The question that begs to be addressed is: didn’t Christ do all that is needed to save us with his death and resurrection? So, what role does baptism play in our lives as Christians? As Dr. Martin Luther points out in his Catechism, “By His suffering and death Christ has indeed earned these blessings for us; Baptism, however, is a means by which the Holy Ghost makes these blessings our own. Baptism is a means of grace.” So, then what happens in baptism is all the promises of God that became fulfilled with Jesus did on the cross, become ours personally through the waters of baptism. Our forgiveness of sins, our adoption into the family of God as His dear children, God’s promise of eternal life all become our personal gifts through my faith and my baptism.
But then all of this makes this text even more confusing. Why would Jesus need to be baptized when His work on the cross in the very foundation and power that baptism is based? Jesus had no sins to repent of. He needed no promise of eternal life so why was He baptized? If Jesus were a sinner needing forgiveness, he would be no different than any of us and his death would not save us. So why was Jesus baptized? Looking again at the text it reads,
Then Jesus came from Galilee to the Jordan to be baptized by John. But John tried to deter him, saying, “I need to be baptized by you, and do you come to me?” Jesus replied, “Let it be so now; it is proper for us to do this to fulfill all righteousness.” Matthew 3:13-15
It would aid our study of we clarify what the words “fulfill all righteousness” means. Both righteousness and fulfillment are key themes in the Gospel of Matthew. They are key to understanding the theology of Matthew. Righteousness here means, as often elsewhere, doing the “revealed will of God.” In Matthew, fulfill seems to mean simply “do, perform,” and the meaning is that it is necessary for both John and Jesus to “do God’s revealed will,” which includes the baptism of Jesus. The plural “us” links John and Jesus together as partners in carrying out God’s saving plan. So, Jesus baptism has nothing to do with sin and repentance. Instead, it has everything to do with carrying out God’s plan of salvation.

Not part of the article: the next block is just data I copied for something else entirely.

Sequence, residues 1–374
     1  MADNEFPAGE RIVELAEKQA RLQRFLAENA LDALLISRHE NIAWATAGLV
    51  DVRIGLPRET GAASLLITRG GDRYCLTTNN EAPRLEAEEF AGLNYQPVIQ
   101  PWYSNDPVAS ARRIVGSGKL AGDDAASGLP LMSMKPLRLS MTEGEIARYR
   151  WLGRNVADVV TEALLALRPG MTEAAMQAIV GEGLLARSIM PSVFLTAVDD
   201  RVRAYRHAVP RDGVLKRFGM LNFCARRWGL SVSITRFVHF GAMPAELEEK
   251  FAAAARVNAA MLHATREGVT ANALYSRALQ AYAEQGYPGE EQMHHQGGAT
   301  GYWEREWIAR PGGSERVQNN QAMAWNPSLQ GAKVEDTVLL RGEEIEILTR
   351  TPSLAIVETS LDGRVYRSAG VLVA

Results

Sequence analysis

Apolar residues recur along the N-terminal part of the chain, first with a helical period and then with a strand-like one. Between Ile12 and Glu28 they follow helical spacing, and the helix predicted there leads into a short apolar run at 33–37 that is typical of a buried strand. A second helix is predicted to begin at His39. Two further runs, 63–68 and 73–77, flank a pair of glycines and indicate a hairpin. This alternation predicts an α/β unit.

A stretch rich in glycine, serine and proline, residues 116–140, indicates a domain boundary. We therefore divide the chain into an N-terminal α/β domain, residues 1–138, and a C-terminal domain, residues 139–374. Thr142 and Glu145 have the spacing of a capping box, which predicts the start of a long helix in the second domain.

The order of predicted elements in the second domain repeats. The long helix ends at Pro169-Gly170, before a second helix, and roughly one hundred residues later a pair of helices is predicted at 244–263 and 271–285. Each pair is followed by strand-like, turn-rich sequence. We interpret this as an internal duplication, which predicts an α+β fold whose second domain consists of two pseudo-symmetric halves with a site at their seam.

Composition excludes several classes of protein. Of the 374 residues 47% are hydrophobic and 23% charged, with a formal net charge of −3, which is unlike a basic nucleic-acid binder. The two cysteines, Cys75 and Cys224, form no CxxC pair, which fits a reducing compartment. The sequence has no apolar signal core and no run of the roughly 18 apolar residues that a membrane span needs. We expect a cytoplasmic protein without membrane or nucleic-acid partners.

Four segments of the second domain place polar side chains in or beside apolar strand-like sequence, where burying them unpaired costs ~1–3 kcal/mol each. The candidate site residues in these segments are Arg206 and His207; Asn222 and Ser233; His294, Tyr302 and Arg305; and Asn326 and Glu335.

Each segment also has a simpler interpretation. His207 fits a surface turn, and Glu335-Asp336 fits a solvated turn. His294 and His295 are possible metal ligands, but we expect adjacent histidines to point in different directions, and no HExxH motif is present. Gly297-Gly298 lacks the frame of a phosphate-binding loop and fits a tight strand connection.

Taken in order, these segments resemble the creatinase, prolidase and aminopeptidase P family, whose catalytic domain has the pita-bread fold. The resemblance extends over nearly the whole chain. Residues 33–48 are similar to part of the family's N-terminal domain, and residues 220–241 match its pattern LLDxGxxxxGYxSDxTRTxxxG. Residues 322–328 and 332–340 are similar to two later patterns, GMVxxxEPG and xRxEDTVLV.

So, then what is this plan that John and Jesus are carrying out? The baptism of Jesus has two key elements that will need to look at that will add insight into that plan. This event is the beginning of Jesus ministry as king. And the two events that mark that kingship is:
1) The Spirit, the presence of God
“As soon as Jesus was baptized, he went up out of the water. At that moment heaven was opened, and he saw the Spirit of God descending like a dove and lighting on him.” Matthew 3:16